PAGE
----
Daniel Elazar, federalism, and federal theology

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I was trying to find out who came up with the threefold classification of American political cultures as moralistic, individualistic, and traditionalistic. (For moralistic, think English Puritans and Norwegian Lutherans -- think Minnesota and the upper Midwest. For individualistic, think Scotch-Irish, frontiersmen, and the Southwest. For traditionalistic, think big cities in the Northeast with their machine politics and small towns in the South with their good ol' boy networks.)

It seems to have originated with Daniel Judah Elazar, in his 1966 book, American Federalism: A View from the States. Elazar, who passed away in 1999, wrote a number of books on the cultural, religious, and ethnic influences on American political institutions, as well as explorations of federalism in its various manifestations worldwide. It's an interesting mix of topics. Here are a few links, as much for my benefit as yours.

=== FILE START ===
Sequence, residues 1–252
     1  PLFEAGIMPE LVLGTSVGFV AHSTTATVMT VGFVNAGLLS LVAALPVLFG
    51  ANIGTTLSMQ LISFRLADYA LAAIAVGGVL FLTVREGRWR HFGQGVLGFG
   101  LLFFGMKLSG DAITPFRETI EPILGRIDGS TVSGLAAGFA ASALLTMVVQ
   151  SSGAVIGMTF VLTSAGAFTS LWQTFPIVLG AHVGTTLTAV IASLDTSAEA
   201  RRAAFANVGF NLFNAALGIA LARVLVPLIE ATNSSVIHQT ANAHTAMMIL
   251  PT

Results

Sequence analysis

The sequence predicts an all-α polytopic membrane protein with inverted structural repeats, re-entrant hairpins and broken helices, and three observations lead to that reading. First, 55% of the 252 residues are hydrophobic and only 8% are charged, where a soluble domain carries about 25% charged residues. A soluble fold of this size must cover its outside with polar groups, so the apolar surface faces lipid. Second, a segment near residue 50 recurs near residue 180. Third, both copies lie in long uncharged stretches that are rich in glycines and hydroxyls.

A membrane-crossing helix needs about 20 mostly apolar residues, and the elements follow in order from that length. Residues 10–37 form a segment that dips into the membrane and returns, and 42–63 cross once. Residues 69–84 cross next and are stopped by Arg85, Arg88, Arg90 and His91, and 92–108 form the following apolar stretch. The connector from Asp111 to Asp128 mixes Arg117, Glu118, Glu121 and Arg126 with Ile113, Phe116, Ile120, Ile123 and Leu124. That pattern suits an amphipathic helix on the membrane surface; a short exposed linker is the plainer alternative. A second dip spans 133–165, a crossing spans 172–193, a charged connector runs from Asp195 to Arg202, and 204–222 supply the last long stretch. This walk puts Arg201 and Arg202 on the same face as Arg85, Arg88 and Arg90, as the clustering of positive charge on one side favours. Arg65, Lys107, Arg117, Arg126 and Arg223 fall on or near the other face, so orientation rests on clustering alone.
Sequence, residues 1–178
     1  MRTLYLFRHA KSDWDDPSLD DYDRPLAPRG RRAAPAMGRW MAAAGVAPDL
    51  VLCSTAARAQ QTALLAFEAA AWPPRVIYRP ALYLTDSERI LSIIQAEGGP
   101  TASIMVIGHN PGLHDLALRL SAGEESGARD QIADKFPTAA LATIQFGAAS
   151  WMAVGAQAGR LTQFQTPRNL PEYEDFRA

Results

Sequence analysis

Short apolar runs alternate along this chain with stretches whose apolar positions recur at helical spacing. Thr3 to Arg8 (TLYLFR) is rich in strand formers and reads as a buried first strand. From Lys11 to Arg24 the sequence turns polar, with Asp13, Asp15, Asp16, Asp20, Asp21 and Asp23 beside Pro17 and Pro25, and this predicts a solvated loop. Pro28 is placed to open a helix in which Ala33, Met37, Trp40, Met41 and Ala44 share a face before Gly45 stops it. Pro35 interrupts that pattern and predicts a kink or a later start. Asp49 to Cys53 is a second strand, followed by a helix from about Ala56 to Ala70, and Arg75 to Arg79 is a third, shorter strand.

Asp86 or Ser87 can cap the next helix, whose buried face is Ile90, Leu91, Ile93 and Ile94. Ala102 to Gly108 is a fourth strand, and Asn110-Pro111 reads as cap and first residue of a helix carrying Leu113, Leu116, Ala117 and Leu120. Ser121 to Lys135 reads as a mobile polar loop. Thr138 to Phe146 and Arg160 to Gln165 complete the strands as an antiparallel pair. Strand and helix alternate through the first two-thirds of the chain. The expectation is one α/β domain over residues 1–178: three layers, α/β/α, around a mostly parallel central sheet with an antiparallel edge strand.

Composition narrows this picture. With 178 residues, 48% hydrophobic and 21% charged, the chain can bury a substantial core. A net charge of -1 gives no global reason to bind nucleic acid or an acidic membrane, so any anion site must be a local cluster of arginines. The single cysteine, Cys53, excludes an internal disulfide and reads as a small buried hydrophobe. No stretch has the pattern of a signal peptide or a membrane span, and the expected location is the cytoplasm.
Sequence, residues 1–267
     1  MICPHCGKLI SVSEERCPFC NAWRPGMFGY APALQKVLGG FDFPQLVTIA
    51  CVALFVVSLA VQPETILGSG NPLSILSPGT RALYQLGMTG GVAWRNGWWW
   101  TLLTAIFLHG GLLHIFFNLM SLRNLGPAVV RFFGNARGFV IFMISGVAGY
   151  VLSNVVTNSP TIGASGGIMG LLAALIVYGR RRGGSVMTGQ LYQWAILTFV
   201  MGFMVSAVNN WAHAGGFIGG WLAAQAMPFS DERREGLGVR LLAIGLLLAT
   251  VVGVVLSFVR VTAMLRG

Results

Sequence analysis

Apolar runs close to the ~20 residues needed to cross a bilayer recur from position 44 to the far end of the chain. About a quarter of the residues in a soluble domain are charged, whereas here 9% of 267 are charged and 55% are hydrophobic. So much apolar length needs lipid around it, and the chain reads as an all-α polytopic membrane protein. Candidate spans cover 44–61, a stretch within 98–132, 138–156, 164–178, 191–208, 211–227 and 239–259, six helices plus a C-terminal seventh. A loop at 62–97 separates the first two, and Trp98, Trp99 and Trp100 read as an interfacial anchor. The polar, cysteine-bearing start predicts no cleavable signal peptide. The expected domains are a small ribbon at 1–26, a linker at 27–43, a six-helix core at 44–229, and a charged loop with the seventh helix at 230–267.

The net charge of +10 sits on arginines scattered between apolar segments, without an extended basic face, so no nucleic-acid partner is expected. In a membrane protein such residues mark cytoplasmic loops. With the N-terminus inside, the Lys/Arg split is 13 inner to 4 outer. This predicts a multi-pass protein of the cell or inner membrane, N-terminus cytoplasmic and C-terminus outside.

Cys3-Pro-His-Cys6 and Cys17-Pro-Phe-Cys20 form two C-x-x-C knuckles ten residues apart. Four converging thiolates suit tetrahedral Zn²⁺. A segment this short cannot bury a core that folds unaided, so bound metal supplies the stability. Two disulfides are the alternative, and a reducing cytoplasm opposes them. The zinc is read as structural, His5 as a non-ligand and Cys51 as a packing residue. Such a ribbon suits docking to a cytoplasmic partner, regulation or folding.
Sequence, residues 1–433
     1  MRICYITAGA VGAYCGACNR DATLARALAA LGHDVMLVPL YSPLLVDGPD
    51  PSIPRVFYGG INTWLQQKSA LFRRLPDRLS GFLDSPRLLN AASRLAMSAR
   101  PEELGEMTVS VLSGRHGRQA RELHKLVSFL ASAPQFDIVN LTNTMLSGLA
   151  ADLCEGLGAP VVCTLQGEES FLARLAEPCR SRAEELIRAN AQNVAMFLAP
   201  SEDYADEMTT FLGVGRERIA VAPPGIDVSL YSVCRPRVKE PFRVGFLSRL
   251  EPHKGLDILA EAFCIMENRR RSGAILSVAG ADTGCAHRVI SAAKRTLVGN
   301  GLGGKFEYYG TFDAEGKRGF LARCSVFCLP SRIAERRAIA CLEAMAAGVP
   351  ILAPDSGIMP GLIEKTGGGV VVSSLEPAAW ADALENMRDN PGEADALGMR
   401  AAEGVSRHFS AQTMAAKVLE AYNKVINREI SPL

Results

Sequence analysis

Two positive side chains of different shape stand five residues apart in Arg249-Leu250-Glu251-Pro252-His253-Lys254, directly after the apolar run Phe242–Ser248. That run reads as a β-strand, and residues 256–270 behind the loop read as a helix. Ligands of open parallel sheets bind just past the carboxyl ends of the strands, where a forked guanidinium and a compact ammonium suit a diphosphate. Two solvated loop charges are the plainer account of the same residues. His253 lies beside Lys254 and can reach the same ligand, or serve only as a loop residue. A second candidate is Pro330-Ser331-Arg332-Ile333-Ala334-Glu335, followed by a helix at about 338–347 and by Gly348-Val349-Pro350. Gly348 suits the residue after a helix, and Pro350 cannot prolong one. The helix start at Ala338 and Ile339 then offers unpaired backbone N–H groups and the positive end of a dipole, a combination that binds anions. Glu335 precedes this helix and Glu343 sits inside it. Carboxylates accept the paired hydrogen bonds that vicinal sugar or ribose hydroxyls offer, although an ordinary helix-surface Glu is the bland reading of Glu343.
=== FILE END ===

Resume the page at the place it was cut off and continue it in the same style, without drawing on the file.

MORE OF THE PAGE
This is collection of Daniel J. Elazar's writings on Federalism, on the website of the Jerusalem Center for Public Affairs. One of the articles describes Minnesota as the epitome of the moralistic political culture.

From Google Books:

And there's this: The first two chapters of his memoir of his father, who was born in Jerusalem during Ottoman rule and lived through the British mandate and the establishment of the State of Israel in 1948. The excerpt includes a description of Elazar's Sephardic heritage and life in turn-of-the-20th century Jerusalem -- fascinating stuff.

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This page contains a single entry by Michael Bates published on March 3, 2009 10:59 PM.

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